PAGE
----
Half empty, half full

What African Amer­i­cans in Bal­ti­more have gained, and what re­mains


More than 50 years ago, inspired by words that the Rev. Martin Luther King Jr. spoke in a Birm­ing­ham church, I joined hun­dreds of other chil­dren in a civil rights march through the streets ofmy home town. I was not a brave child, and I knew, as the oth­ers did, the risk of go­ing to jail.

We marched, though, be­cause his words gave us hope that the world could be dif­fer­ent.

I am of­ten asked how much so­ci­ety has changed since the 1960s and how the chal­lenges we faced then com­pare with those of to­day.

My re­sponse re­flects my am­biva­lence about our progress. As a child, I could not have imag­ined that I would one day be­come the pres­i­dent of a pre­dom­i­nantly white re­search univer­sity, and I would not have guessed how many more peo­ple would have the op­por­tu­nity to be­come ed­u­cated. In 1960, less than 10 per­cent of Amer­i­cans had earned bach­e­lor’s de­grees. To­day, we’re up to nearly a third. In the same pe­riod, African Amer­i­cans have gone from a col­lege com­ple­tion rate of about 3 per­cent to al­most 20 per­cent, con­tribut­ing to the growth of a thriv­ing black mid­dle class.

How­ever, far too many fam­i­lies re­main stuck in poverty. For them, con­di­tions now are as bad as they were in the ’60s — if not worse. Drugs and guns, com­bined with dam­ag­ing public poli­cies, fuel a cy­cle of vi­o­lence and mass in­car­cer­a­tion. Many young peo­ple feel hope­less and be­trayed.

Post­sec­ondary ed­u­ca­tion has be­come a re­quire­ment for many, if not most, of our so­ci­ety’s well-pay­ing jobs. How­ever, the re­cent gains in col­lege com­ple­tion are spread un­evenly. For ex­am­ple, since 1975, the per­cent­age of the wealth­i­est quar­ter of Amer­i­cans earn­ing four-year de­grees has jumped from 38 per­cent to 79 per­cent, while the per­cent­age for those at the bot­tom has barely moved, from 7 to 11 per­cent.

I am stunned and sad­dened by the growth of in­equal­ity in our so­ci­ety and the fact that many chil­dren have sim­ply stopped dream­ing about the fu­ture. Yet I also re­mind my­self how far we’ve come. If we don’t count our progress, we lose sight of the lessons we’ve learned, and we run the risk of los­ing hope.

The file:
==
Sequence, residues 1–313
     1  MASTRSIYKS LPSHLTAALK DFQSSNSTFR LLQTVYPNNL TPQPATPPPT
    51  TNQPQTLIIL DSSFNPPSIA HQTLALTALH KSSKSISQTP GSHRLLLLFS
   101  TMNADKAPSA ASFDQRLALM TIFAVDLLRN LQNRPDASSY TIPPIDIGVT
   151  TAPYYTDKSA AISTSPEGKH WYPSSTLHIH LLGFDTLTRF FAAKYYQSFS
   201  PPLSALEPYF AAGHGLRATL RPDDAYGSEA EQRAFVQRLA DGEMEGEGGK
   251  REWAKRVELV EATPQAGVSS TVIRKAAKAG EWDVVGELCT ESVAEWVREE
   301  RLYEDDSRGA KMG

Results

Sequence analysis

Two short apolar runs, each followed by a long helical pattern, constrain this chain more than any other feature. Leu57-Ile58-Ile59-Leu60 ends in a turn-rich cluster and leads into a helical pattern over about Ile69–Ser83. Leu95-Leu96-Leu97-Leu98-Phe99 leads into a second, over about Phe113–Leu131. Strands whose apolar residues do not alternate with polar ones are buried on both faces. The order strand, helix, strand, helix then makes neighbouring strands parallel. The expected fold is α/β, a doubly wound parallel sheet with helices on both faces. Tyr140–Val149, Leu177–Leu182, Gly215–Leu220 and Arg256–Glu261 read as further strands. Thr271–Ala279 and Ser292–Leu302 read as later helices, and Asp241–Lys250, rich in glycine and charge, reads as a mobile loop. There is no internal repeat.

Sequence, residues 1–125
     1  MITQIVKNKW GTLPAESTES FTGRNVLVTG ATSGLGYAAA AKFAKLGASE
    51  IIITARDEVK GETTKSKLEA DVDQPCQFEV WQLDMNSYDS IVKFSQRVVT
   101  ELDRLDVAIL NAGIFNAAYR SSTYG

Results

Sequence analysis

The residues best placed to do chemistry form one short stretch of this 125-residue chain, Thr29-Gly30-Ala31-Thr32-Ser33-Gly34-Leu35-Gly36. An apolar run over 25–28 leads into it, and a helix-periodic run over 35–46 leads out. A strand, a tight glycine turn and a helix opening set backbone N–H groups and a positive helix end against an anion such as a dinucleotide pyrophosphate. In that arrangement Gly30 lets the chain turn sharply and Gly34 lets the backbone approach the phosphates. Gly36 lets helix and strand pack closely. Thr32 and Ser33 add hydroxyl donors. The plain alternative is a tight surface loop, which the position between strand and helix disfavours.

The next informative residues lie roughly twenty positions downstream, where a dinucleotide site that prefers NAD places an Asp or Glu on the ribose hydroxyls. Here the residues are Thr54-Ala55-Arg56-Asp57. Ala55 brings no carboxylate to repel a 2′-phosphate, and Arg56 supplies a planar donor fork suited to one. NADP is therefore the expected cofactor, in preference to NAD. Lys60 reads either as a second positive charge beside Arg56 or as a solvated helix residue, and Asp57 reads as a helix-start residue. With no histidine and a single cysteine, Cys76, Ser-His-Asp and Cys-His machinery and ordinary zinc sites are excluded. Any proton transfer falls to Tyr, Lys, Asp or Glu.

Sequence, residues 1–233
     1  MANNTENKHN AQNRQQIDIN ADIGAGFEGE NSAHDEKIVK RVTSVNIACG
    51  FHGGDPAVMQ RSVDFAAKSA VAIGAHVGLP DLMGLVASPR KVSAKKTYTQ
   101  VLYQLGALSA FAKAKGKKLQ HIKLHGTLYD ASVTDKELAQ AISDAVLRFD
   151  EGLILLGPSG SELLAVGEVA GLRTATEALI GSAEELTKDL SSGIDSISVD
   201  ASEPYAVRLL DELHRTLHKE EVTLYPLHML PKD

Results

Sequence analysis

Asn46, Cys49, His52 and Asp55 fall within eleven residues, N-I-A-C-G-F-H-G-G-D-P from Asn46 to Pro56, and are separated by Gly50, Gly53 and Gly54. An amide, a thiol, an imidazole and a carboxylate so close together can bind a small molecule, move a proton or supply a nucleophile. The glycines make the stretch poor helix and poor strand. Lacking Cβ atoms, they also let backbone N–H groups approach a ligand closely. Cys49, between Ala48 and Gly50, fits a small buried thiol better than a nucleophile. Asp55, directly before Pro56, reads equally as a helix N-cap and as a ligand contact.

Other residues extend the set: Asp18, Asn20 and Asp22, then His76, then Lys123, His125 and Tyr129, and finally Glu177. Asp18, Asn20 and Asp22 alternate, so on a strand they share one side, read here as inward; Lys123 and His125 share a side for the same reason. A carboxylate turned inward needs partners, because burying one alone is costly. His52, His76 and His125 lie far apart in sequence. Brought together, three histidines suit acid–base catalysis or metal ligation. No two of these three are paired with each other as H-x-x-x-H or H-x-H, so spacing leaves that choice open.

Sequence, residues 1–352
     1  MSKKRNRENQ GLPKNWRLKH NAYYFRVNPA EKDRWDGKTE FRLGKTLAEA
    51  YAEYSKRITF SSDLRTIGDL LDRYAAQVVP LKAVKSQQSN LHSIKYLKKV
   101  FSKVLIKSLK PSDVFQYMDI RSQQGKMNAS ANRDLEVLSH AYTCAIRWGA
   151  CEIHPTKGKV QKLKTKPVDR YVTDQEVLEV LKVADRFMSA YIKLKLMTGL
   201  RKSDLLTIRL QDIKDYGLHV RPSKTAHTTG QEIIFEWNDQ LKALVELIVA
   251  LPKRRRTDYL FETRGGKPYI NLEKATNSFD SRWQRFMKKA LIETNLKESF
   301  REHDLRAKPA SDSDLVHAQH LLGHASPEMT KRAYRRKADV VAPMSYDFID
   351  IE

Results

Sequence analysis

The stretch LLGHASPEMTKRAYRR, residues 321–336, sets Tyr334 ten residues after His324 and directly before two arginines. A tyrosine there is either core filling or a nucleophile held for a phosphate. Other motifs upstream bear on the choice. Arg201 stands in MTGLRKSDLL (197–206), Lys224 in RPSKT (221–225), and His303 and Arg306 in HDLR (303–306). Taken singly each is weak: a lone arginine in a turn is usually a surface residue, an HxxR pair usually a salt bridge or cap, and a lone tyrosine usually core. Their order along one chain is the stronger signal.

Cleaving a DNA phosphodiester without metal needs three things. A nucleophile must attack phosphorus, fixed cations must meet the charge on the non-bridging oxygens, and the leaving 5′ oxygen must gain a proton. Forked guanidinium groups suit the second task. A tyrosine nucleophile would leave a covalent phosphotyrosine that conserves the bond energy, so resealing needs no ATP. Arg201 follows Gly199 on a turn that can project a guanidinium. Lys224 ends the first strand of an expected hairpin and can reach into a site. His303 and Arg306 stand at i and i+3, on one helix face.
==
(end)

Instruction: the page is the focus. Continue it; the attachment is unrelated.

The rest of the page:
Public poli­cies adopted in the 1960s and 1970s have helped so many of us. Land­mark leg­is­la­tion, in­clud­ing the Civil Rights Act, the Vot­ing Rights Act, the Ele­men­tary and Sec­ondary Ed­u­ca­tion Act and the Higher Ed­u­ca­tion Act, strength­ened schools, ex­panded civil rights and helped many more peo­ple grad­u­ate from col­lege.

These changes were pos­si­ble be­cause Amer­i­cans dur­ing that pe­riod truly be­lieved that the world could be dif­fer­ent than it was.

To ad­dress the stub­born chal­lenges fac­ing our so­ci­ety to­day, we again need rea­sons to be­lieve that the world can change. We need hope.

I’d sug­gest we can find hope in a place that’s re­ceived con­sid­er­able at­ten­tion in re­cent weeks: Bal­ti­more. I’ve lived and worked here the past 40 years, and I see the many ways this re­gion re­flects the coun­try’s progress and its chal­lenges.

In the ’ 60s, we had not yet seen a woman of any race as mayor of Bal­ti­more (or al­most any other ma­jor U.S. city) or African Amer­i­cans in such lead­er­ship roles as chief ex­ec­u­tive of Bal­ti­more Gas & Elec­tric, or dean of the Univer­sity of Mary­land Med­i­cal School, or pres­i­dent of the Univer­sity of Bal­ti­more. Now we see all of these, among many other African Amer­i­can lead­ers.

The Bal­ti­more re­gion is also pros­per­ous. A re­cent Brook­ings In­sti­tu­tion anal­y­sis notes that it ranks sev­enth among the coun­try’s 35 largest metropoli­tan ar­eas in per capita in­come. It is sec­ond only to the Dis­trict in me­dian in­come for black house­holds. Black pro­fes­sion­als are do­ing well here.

Nev­er­the­less, the re­gion’s chal­lenges are sig­nif­i­cant. About 11 per­cent of Bal­ti­more City’s black res­i­dents are un­em­ployed, com­pared with about 5 per­cent of white res­i­dents, ac­cord­ing to the Brook­ings anal­y­sis. The city’s black poverty rate is just un­der 27 per­cent. While this is lower than the rate in three-quar­ters of large U.S. cities, such high poverty rates should be trou­bling to all of us.

The chal­lenge now is to re­flect on how we can ex­tend the gains of the past 50 years to even more Amer­i­cans. We have asked hard ques­tions like this be­fore. That alone should give us hope as we move for­ward in an ef­fort to bring the ben­e­fits of our na­tion’s pros­per­ity to all. We now have the op­por­tu­nity — in­deed, the re­spon­si­bil­ity — to look again at public poli­cies in such ar­eas as ed­u­ca­tion and job train­ing, hous­ing and trans­porta­tion, drug en­force­ment and in­car­cer­a­tion.

I of­ten think about the other chil­dren who marched in 1963. While we shared hopes and dreams, many of them never had the op­por­tu­ni­ties I did. Ul­ti­mately, they marched so that oth­ers could live their dreams.

Our chal­lenge now is hold­ing on to that legacy — and help­ing many more chil­dren turn pos­si­bil­i­ties into re­al­ity.

The writer is pres­i­dent of the Univer­sity of Mary­land Bal­ti­more County (UMBC) and au­thor of “Hold­ing Fast to Dreams: Em­pow­er­ing Youth from the Civil Rights Cru­sade to STEM Achieve­ment.”


Peo­ple at a rally led by faith lead­ers out­side city hall in Bal­ti­more in­May.

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